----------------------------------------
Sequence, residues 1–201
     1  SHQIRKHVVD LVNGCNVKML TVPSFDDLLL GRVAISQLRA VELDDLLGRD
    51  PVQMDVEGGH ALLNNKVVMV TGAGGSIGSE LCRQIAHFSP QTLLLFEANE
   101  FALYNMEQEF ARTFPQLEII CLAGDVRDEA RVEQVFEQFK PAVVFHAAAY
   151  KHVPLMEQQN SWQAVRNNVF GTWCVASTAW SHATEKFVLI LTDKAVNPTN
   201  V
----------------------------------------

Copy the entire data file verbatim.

Sequence, residues 1–201
     1  SHQIRKHVVD LVNGCNVKML TVPSFDDLLL GRVAISQLRA VELDDLLGRD
    51  PVQMDVEGGH ALLNNKVVMV TGAGGSIGSE LCRQIAHFSP QTLLLFEANE
   101  FALYNMEQEF ARTFPQLEII CLAGDVRDEA RVEQVFEQFK PAVVFHAAAY
   151  KHVPLMEQQN SWQAVRNNVF GTWCVASTAW SHATEKFVLI LTDKAVNPTN
   201  V